It might seem a strange time of year for lemon cake but a recent trip to Cornwall reminded me how good they are. I’d never been to Cornwall before but having been I’d love to go back. We stayed in Penzance and managed to visit Lands End and St Ives as well. The whole area is beautiful and if you ever need a Cornish pasty shop, St Ives is the place to go: there must be hundreds. (Something else now on my list of things to make). We spent most of our time enjoying the scenery, walking from one meal to the next. We walked along the coast from Penzance to Mousehole, the tiny village that the poet Dylan Thomas honeymooned in and called the prettiest village in England. We found an amazing little café called the Rock Pool Cafe which overlooks a large pool in the rocks and out towards the open sea as well as along the coast to St Michael’s Mount. While we sat there eating our lemon cake and drinking our coffee in the sun, a seal played in the water: it really couldn’t have been any better. You can just see the seal in the foreground of the photo.
It was the beginning of October and we had a couple of days with beautiful summer weather. The third day was cold, windy and foggy, which gave a completely different perspective on the region and we walked from Lands End down into Sennen Cove. Where we had coffee and a slice of lemon and blueberry cake: something I will be remembering to make next summer!
So I was really just looking for an excuse to make a lemon cake with lemon curd and cream and my parents coming to visit seemed like the perfect opportunity. I had four lemons so I put two in the cake and then used the other two for the lemon curd. I wanted a recipe that didn’t give me any leftover egg whites so I used Delia Smith’s and scaled the recipe down: instead of four eggs and four large lemons I used one egg and two medium-ish lemons. It gave me enough for the cake filling with some left over for lemon curd on toast for breakfast. You could scale my version up to make extra, or visit Delia’s original recipe here. Alternatively you could use store-bought lemon curd.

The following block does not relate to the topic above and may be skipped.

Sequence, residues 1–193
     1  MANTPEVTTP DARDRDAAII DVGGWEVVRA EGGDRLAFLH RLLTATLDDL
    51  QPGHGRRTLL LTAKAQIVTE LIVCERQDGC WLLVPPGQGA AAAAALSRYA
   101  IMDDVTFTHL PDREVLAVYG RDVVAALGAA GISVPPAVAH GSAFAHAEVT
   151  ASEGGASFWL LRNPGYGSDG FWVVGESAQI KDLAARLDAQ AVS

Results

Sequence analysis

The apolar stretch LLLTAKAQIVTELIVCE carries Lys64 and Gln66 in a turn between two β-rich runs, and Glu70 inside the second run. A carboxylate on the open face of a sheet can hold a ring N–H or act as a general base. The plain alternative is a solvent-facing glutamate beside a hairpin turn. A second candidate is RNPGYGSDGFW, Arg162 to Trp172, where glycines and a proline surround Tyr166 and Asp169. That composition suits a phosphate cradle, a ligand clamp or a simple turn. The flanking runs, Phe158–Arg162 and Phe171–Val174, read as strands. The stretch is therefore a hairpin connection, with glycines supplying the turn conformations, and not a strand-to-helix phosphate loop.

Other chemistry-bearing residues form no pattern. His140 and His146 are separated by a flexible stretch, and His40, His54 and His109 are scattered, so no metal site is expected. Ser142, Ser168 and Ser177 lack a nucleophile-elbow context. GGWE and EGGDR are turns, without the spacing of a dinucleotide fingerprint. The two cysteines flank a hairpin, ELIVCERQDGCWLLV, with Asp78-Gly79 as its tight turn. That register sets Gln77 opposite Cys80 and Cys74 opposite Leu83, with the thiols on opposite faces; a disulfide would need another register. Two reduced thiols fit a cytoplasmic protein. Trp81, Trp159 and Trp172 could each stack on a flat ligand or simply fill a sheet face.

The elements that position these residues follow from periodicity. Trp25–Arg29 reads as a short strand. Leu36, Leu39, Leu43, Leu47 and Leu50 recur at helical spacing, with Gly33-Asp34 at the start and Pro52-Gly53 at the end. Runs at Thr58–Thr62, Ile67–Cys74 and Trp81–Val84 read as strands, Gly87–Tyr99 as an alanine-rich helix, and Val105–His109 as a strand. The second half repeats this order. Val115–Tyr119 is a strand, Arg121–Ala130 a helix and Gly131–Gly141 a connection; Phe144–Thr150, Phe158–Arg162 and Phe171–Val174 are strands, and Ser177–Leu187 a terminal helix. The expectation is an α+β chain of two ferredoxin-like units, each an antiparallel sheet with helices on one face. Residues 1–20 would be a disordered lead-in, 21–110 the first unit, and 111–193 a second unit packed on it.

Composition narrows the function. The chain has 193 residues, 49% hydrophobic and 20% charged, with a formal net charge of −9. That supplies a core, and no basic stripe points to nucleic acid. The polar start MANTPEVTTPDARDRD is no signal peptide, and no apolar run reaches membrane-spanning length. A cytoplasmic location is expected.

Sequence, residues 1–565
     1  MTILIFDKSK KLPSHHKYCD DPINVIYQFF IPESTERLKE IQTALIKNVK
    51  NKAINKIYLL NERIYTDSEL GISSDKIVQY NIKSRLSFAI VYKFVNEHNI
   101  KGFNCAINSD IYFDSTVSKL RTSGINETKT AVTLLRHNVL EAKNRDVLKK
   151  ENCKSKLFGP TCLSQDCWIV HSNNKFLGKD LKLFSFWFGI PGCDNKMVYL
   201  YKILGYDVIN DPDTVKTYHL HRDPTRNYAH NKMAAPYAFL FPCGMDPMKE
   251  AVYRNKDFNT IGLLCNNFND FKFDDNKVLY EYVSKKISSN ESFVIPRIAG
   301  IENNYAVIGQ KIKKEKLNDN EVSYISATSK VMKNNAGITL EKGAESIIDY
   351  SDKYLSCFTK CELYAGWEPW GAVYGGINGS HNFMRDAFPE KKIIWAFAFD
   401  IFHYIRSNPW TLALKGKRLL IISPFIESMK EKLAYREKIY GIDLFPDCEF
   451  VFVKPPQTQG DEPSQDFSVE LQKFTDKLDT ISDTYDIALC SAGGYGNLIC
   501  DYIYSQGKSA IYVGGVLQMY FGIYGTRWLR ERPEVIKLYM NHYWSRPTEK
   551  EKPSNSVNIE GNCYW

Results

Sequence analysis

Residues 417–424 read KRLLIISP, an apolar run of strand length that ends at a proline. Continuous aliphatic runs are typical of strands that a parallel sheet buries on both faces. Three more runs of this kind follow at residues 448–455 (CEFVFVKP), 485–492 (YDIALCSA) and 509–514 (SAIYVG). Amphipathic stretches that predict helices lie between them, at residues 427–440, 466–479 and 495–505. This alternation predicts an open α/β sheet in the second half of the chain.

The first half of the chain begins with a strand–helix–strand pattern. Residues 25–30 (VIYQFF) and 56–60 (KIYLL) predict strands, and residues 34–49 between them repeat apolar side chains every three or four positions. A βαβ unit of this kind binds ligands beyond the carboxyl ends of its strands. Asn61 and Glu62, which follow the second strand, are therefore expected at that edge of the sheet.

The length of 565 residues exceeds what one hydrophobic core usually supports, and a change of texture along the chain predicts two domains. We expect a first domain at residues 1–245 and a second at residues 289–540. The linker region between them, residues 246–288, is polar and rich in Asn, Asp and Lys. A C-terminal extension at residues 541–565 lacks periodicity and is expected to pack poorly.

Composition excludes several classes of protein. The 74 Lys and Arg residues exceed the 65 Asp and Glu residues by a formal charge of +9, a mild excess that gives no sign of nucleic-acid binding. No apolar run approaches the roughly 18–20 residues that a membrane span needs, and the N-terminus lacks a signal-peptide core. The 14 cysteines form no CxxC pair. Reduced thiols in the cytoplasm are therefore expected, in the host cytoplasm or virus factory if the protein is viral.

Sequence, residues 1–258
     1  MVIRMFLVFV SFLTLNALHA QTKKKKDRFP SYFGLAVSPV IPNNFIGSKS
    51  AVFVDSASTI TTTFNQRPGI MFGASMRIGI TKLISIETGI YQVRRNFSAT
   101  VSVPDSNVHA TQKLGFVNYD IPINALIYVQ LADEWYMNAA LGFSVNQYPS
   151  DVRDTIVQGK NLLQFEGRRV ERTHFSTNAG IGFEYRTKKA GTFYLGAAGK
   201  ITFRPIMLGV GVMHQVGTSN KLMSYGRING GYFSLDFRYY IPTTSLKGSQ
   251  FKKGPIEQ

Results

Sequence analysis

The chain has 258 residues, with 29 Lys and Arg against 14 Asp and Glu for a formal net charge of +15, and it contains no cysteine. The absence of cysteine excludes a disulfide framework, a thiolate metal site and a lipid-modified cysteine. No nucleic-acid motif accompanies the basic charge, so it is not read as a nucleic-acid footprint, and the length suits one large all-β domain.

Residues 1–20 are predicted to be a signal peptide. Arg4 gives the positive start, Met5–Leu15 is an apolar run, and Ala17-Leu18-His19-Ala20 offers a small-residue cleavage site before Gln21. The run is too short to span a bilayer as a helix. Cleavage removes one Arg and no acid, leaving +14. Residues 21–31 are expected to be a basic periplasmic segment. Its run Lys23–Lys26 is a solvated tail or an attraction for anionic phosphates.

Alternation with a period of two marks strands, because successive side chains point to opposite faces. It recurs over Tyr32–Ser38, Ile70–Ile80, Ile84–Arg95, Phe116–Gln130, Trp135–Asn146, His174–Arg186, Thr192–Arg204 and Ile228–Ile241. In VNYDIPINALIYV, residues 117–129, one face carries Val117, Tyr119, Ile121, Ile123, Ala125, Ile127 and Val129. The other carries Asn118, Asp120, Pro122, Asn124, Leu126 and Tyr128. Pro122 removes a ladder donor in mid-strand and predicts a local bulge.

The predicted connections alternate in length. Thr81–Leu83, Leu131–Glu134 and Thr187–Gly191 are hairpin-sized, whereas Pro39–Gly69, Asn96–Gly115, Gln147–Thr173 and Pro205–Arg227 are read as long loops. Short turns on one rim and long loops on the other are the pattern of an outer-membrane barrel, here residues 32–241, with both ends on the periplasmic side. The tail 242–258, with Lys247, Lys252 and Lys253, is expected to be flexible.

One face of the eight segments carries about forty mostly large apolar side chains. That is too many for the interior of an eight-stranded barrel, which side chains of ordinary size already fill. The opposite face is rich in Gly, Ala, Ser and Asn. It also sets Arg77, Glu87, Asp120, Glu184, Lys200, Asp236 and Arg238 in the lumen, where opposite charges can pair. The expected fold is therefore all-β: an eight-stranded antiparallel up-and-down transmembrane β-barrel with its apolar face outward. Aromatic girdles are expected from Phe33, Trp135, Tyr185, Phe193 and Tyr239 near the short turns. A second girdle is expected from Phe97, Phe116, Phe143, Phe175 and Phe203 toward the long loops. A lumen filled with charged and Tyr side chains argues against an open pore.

225g caster sugar
250g SR flour
Juice of 2 small – medium lemons (approx 70ml)
90g caster sugar
½ teaspoon cornflour
Zest and juice of 2 small – medium lemons (approx 70ml)
Approximately 200ml double cream
Make the cake:
Set the oven to 180ºC and grease, and line the base of, two 8″ sandwich tins.
Beat the butter and sugar together until pale and fluffy.
Add the eggs, one at a time, and mix until properly incorporated.
Stir in the lemon juice.
Sieve in the flour and fold in carefully.
Divide the mixture equally between the two cake tins.
The combination of the raising agent and the lemon juice gives the cake mixture an almost “fizzy” appearance but this is nothing to worry about.
Bake for around 20-25 minutes, until firm to the touch, well risen and golden.
Allow to cool in the tins for a few minutes before turning out and allowing to cool completely on a wire rack.
Make the lemon curd:
Beat the egg and chop the butter into cubes.
Put the egg, butter, sugar, cornflour and lemon zest and juice into a saucepan and heat gently, stirring all the time.
The mixture will slowly start to thicken (it can be useful to use a small whisk at this stage). Do not allow the mixture to overheat as the eggs will scramble.
Once it has started to thicken allow the mixture to simmer very gently for a minute, stirring all the time. It should coat the back of a wooden spoon.
Remove from the heat and allow to cool completely.
When the cake and the lemon curd are cold, whip the cream.
Assemble the cake:
Spread a layer of lemon curd on one side of the cake and then a layer of whipped cream.
Top with the second cake layer.
Mix some lemon curd into your remaining cream, reserving some for decoration. Take care not to over beat the cream.
Spread the lemon curd mixture over the top of the cake and decorate with some of the remaining lemon curd.
It’s a good idea to keep this cake in the fridge because of the cream: just take it out before you want to eat it to let it come up to room temperature.